This post is for those new to the registrar ranks and perhaps it will serve as a refresher for the ol’ timers.
In my last post, we parsed the definition of an academic transcript. Ad nauseum. Really ad nauseum. In this post, I hope to have less nausea and more inspiration.
I’m following the lead of our colleagues who authored and prepared the National Transcript Guide, published by the Association of Registrars of Universities and Colleges in Canada. On page 20 of the guide, you will find the definition of a transcript and some basic guiding principles. Today we are looking at the first principle, which says:
The transcript is a trusted document and all efforts should be made to avoid undermining this trust.
This is a self-evident statement and hardly needs much explanation. The transcript is the official summary of a student’s academic record. We use it to verify that a student has achieved certain credentials and we use it to show what courses students have taken and how they have achieved in their studies. The transcript is used by governments, immigration officers, employers, etc. to make important decisions such as whether to let a person enter a country, whether a person is qualified for employment, and many other things. We rely on the transcript and it must be a trustworthy document in order to serve these purposes.
How do we maintain its trustworthiness? There are several ways we do this.
- We make sure the document is secure. We most often do this by printing it on special paper with certain security features, much like banks do with cheques (checks for my American friends). These features might be a hologram, micro printing, watermarks, heat activated thing-a-ma-jigs that change colour when we put our thumb on them, multi-coloured threads woven into the paper that only show up under black lights, etc. We must ensure that the paper we use is stored securely. Fraud experts tell us that most cases of fraud with transcripts happen either as inside jobs (someone inside the university falsifies a transcript) or the supply chain for the paper is compromised. Keep your paper secure, my friends. And make sure your paper supplier does too.
- We don’t change the information on the transcript willy-nilly. I have been asked by students how much it costs to change a grade on their transcript. My response is, “How much would it cost to pay me for the loss of my career and damages to my reputation?” That usually answers that question! Don’t do it, my friends.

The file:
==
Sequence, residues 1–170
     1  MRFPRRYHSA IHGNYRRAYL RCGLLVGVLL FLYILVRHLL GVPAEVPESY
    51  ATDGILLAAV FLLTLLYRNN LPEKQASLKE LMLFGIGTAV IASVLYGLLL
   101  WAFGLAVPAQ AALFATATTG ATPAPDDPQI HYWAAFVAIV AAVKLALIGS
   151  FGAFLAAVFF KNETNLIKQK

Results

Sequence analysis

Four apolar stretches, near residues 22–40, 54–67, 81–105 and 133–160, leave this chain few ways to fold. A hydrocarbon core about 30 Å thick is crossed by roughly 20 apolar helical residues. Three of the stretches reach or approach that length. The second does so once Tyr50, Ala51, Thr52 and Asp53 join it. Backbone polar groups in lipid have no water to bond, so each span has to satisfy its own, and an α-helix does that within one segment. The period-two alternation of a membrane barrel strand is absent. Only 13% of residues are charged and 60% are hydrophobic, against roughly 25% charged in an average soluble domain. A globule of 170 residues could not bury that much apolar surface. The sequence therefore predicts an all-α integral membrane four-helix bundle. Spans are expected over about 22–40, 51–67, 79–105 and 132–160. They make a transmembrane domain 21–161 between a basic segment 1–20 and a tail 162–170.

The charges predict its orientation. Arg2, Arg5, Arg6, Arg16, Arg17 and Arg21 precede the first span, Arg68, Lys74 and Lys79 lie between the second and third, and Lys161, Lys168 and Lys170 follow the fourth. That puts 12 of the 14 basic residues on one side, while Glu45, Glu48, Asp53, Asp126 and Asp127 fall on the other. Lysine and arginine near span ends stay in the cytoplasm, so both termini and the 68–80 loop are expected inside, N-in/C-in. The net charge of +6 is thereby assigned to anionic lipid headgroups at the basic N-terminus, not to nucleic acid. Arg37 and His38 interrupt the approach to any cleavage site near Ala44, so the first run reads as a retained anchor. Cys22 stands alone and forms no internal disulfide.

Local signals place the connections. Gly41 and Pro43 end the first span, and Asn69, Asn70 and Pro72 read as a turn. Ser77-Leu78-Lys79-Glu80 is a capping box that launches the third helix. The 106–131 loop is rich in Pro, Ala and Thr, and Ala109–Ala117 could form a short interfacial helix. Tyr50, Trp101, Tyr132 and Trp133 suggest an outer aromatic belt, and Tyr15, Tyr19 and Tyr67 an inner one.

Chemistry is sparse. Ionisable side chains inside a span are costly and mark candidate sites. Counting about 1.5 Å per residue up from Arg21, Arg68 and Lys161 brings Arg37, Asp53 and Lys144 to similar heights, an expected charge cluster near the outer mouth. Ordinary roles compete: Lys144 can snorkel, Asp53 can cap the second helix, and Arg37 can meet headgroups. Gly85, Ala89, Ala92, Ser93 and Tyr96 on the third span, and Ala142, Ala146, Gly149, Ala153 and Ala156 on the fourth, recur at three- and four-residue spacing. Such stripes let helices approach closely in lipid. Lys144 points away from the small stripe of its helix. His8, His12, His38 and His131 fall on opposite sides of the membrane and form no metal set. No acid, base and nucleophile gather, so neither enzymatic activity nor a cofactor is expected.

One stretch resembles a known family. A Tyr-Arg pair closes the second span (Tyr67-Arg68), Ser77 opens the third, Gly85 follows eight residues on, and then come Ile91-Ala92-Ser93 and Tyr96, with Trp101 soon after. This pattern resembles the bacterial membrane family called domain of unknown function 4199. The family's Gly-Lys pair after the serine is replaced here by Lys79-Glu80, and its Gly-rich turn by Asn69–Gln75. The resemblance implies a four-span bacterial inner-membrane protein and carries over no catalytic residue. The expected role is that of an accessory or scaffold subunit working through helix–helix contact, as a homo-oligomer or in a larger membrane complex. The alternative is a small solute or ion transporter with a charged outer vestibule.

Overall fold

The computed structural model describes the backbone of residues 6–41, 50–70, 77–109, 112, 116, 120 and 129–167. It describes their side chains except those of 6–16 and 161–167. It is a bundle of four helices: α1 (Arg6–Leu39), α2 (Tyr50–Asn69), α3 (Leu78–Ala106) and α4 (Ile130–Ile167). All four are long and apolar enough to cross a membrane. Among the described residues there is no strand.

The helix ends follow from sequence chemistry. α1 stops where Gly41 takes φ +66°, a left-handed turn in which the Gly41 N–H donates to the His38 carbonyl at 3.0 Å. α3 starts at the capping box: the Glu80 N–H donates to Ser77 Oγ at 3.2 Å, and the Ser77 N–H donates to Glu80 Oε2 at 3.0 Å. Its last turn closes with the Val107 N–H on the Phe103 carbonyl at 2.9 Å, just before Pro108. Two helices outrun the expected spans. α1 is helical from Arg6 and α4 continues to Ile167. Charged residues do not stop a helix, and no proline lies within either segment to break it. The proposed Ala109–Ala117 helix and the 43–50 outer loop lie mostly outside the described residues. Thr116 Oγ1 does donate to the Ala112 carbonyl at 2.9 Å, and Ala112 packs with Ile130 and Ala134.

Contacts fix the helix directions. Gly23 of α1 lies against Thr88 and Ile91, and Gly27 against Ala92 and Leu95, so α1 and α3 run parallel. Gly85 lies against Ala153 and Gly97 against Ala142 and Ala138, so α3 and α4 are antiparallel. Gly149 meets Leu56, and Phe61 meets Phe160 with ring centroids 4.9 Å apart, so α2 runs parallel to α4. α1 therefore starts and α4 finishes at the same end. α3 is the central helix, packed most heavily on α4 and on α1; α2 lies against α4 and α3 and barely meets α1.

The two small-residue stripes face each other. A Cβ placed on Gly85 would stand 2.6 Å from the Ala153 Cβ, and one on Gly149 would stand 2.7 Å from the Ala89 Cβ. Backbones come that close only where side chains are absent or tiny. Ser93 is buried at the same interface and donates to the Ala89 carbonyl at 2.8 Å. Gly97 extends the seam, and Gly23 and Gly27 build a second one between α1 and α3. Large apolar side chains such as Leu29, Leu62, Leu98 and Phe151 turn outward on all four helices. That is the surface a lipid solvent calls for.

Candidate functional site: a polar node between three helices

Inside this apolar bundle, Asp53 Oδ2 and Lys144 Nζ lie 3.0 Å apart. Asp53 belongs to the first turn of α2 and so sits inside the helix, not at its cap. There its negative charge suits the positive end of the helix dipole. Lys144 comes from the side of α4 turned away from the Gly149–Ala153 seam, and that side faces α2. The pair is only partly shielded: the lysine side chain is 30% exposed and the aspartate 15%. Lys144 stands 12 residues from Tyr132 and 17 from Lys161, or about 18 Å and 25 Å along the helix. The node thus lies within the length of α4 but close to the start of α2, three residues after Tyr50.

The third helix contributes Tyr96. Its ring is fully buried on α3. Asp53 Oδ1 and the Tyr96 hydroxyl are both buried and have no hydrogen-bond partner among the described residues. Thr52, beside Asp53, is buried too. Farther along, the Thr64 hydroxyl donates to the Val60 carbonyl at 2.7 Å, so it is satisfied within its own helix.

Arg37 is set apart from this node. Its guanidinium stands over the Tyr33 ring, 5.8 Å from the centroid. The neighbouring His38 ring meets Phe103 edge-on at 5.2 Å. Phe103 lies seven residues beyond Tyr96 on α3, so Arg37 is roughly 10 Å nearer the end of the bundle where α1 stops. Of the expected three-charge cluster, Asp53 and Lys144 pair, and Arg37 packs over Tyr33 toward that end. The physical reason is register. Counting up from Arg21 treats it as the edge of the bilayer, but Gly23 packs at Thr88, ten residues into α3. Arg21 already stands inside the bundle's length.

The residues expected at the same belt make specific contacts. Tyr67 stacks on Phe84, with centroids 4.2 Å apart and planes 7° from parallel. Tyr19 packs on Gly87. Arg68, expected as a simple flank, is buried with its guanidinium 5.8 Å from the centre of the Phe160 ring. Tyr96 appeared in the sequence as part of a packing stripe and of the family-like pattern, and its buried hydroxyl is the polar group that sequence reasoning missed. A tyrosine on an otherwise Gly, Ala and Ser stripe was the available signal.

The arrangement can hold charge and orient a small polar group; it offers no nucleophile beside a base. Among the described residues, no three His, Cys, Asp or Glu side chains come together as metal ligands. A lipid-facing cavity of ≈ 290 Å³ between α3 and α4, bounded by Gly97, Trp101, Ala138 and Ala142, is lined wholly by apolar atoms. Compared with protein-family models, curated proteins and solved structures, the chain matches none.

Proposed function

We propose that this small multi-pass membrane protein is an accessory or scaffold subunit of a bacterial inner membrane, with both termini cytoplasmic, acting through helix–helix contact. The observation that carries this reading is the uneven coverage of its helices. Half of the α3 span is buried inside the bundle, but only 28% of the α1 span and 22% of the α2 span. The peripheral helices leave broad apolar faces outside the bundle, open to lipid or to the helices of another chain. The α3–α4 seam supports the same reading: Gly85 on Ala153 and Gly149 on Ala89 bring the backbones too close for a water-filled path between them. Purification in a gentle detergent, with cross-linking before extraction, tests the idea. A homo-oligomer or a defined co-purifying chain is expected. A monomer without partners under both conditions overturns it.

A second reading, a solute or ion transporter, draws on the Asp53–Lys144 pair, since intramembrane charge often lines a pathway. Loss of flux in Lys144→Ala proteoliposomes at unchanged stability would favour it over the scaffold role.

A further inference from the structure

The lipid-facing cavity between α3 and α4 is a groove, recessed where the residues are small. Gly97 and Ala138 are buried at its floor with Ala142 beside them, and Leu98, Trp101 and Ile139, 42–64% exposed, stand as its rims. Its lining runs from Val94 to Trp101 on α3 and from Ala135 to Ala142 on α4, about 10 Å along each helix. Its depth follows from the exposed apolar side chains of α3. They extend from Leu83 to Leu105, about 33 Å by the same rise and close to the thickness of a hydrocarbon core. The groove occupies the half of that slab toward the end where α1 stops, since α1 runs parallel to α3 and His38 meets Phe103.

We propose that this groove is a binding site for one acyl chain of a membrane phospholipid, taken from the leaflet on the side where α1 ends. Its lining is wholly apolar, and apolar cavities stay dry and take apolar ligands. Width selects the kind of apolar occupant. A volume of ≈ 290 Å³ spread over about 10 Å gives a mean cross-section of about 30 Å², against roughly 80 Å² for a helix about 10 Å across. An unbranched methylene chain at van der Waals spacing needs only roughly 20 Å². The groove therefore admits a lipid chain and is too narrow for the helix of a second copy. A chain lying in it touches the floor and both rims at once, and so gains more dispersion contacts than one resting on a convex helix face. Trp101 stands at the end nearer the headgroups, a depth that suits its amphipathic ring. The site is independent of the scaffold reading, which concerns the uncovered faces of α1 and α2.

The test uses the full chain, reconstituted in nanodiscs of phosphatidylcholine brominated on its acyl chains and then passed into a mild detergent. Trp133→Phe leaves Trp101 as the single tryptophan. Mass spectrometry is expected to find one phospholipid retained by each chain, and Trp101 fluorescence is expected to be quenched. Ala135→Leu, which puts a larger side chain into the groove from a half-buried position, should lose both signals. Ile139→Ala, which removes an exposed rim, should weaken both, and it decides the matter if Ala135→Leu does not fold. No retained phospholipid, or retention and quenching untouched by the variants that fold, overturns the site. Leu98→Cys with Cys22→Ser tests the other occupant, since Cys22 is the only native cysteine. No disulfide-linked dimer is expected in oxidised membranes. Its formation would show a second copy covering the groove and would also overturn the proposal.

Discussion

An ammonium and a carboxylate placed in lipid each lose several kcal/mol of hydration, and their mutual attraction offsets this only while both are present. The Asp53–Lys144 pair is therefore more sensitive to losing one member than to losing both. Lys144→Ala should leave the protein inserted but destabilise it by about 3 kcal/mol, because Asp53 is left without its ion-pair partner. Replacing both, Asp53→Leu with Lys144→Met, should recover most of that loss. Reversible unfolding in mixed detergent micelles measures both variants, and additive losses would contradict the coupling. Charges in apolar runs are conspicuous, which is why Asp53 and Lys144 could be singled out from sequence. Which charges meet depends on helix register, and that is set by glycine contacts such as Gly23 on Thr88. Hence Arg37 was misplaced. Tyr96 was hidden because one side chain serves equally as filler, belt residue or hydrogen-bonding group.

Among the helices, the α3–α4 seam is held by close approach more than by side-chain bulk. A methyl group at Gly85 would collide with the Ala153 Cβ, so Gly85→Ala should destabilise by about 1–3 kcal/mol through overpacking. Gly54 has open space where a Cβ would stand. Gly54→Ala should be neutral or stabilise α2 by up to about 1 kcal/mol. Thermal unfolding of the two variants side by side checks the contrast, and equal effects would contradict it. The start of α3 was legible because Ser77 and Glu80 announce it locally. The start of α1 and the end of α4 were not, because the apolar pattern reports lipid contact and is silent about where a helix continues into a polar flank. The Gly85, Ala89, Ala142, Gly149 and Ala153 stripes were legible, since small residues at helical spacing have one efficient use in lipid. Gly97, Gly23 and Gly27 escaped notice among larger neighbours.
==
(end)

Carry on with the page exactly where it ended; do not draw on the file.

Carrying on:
- We distribute and receive transcripts in a secure manner. This means that when we send them out from our institution we take pains to make sure that it would be difficult to tamper with them. We might put them in an envelope with our school’s letterhead on it, and seal the envelope. Some schools add an additional seal or sticker over the enclosure. Some schools have a special stamp that they add over the enclosure which would show if the seal was broken. When we receive transcripts, we check for these things to be in place. In addition to this, when (or if) we permit transcripts to be given directly to the student, we indicate this either on transcript or the envelop or both with the statement: “Distributed to the student.” When we receive a transcript that says this, we do not accept it as an official document. This means that we might accept it as an interim transcript, but we will not update a student’s record on this basis, but instead we require the transcript to be sent directly from one university to another, without having it available to a student (which implies that students may be tempted to alter the transcript if they have the chance). Now that universities are catching up with technology, we are developing means to send transcripts electronically, and hopefully increasing security at the same time. Of course, this is an illusion as this leaves us all open to the risk of hackers, but as we develop the technology we are also working hard to ensure its security.
Transcripts are trustworthy documents. Registrars are charged with the trust of keeping them so.